You can search for a property agent in Ireland by visiting the Property Services Regulatory Authority’s (PSRA) website. This directory contains licensed estate agents .
You can also visit the Golden Pages website, which is an Irish equivalent to the UK’s Yellow Pages. Or you can search online for agents who operate in the area that interests you.
Ireland’s property websites
You can also search for property in Ireland by yourself.
How do I find the perfect property?
9 Types of properties
Although Ireland shares many property types with the UK and Ireland, you may be surprised at the number of Georgian homes found there. There are charming 19th century workers’ cottages as well as ‘Dutch Billy” homes. These homes, which are tall, narrow, with long terraces, have a Dutch and Belgian influence. There are many homes that have been built in Ireland, even if you don’t desire a period style.
The type of property that you choose depends on your requirements, family size, budget, and the availability of housing stock in your target Irish destination.
The condition of the property
It is crucial to get a qualified surveyor to inspect the property that you are looking to purchase. The Regency home you fell in love with may have serious structural issues.
The seller and their estate agent are not legally required to disclose any problems regarding the condition of the property in Ireland, just as in the UK. You will need to appoint an independent building inspector to inspect your property. The Society of Chartered Surveyors Ireland registration will help you locate one.
There are three types to choose from, each offering more detail9:
- Type 1 – A quick walk-through and summary report of the property
- Type 2 – A more detailed inspection. This includes checking insulation, drains boundaries, planning and other issues.
- Type 3 – A thorough survey in which the surveyor inspects things such as central heating, accesses services hatches, and lifts floorboards.
You should also be looking out for other things
Each home for sale in Ireland must carry a Building Energy Rating (3 BER), which indicates how energy-efficient the property. This rating will impact your energy bills and is worth checking.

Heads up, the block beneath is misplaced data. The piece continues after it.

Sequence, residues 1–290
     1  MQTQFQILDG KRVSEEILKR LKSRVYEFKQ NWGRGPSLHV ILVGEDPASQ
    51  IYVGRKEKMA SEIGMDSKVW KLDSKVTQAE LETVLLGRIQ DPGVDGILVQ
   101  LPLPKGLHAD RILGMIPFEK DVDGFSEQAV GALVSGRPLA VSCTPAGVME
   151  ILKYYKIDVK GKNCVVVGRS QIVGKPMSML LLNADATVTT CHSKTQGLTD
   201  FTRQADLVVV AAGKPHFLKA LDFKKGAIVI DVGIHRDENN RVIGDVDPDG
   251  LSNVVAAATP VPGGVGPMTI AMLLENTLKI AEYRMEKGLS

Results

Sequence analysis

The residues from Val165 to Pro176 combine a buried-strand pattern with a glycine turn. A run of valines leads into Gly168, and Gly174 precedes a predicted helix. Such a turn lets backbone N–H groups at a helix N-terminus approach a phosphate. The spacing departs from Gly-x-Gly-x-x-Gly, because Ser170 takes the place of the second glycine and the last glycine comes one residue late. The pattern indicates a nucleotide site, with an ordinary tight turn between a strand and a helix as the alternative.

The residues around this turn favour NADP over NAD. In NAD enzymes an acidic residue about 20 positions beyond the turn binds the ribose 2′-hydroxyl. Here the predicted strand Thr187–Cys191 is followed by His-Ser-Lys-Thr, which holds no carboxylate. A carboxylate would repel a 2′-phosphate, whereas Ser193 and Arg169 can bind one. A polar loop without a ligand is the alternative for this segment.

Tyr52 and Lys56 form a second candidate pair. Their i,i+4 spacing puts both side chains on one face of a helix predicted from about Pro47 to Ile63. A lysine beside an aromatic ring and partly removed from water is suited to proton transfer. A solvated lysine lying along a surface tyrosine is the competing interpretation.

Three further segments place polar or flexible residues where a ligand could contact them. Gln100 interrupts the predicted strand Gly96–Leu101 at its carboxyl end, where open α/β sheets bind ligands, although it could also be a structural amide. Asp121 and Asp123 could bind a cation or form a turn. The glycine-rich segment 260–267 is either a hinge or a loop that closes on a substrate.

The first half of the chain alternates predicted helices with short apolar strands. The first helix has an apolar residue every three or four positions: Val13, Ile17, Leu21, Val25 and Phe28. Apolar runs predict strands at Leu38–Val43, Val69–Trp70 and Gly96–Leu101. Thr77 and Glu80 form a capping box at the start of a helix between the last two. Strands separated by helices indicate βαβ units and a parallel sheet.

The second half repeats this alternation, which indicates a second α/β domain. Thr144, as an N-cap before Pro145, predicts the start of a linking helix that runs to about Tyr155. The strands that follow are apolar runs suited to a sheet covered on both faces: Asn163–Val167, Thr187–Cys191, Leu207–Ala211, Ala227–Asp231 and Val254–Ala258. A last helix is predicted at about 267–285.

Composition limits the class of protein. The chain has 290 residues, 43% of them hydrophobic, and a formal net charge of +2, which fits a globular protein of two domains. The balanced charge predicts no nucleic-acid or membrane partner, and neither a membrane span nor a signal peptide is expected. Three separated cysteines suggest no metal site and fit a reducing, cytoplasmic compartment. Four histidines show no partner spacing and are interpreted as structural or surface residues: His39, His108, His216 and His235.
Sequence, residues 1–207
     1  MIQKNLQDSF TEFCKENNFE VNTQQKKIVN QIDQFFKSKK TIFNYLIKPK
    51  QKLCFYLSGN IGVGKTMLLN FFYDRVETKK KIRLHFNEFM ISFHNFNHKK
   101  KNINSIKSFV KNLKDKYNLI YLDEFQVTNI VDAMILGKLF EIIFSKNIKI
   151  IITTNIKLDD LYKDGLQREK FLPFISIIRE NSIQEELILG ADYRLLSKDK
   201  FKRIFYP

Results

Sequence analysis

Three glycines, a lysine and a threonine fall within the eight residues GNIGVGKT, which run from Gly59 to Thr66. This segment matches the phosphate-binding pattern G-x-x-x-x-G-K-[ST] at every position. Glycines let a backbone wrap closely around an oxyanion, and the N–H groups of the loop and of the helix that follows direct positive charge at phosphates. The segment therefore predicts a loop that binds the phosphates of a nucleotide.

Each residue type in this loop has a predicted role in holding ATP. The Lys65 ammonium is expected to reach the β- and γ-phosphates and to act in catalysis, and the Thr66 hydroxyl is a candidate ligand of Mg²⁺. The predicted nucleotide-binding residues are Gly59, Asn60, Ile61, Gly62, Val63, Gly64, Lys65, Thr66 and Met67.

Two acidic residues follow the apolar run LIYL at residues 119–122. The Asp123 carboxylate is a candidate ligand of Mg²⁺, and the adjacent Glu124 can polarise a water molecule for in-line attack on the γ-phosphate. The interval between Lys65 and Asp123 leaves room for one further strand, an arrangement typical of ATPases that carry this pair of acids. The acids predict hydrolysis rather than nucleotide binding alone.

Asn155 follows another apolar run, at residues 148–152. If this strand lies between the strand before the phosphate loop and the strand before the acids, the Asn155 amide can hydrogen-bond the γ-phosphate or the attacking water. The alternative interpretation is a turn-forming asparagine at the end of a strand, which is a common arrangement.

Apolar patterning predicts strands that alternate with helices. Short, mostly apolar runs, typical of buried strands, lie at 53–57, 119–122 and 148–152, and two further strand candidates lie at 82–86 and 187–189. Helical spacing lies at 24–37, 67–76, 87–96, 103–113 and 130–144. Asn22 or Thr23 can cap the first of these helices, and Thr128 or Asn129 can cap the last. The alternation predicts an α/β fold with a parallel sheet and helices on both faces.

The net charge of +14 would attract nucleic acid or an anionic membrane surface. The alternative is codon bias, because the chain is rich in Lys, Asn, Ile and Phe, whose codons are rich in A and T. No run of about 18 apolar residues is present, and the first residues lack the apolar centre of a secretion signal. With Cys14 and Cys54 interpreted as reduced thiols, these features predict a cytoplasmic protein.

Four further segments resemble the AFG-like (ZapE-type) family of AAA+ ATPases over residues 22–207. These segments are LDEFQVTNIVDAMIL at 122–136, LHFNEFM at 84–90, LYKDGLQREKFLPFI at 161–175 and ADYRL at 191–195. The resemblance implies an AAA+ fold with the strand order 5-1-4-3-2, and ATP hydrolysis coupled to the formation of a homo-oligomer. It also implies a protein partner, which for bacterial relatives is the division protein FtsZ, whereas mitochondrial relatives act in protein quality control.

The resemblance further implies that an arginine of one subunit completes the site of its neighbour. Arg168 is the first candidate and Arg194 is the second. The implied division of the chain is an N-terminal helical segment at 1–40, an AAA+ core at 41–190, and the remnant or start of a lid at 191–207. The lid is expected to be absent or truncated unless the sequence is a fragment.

It is also important to determine if the property falls within a High Radon Area. Radon is a radioactive substance that forms from the decay of uranium in ground. It can cause lung cancer. You can view the Radon Hazard Map or get more information at the Environmental Protection Agency.
What are the steps required to buy a property in foreign ownership?
The steps involved in buying a home for sale in Ireland are quite similar to the UK. Here’s how you can expect to go about it.
- Discuss your finances with a mortgage advisor in order to get pre-approval for mortgage financing
- Locate a solicitor
- You can start house hunting. If you don’t live in Ireland you might need one or more viewing trips.
- Select a property you like and make an offer. If accepted, the property becomes Sale Agreed.
- Have a building inspection done
- Sign the contract to sell – This is prepared by the estate agents and solicitors and binds the parties until the transaction is completed.
- Your solicitor will perform title requisitions, and they will be drafted into a Deed of Conveyance
- Mortgage approval, Exchange Contracts and Pay All Taxes
- Take the keys and move in.
What are the legal requirements when buying property in Ireland?
In general, there are no complicated legal requirements for purchasing property in Ireland. It is important to keep these key points in mind:
- The PSRA requires all estate agents to be licensed to legally sell property within Ireland9 – many will have their license readily available for you to check.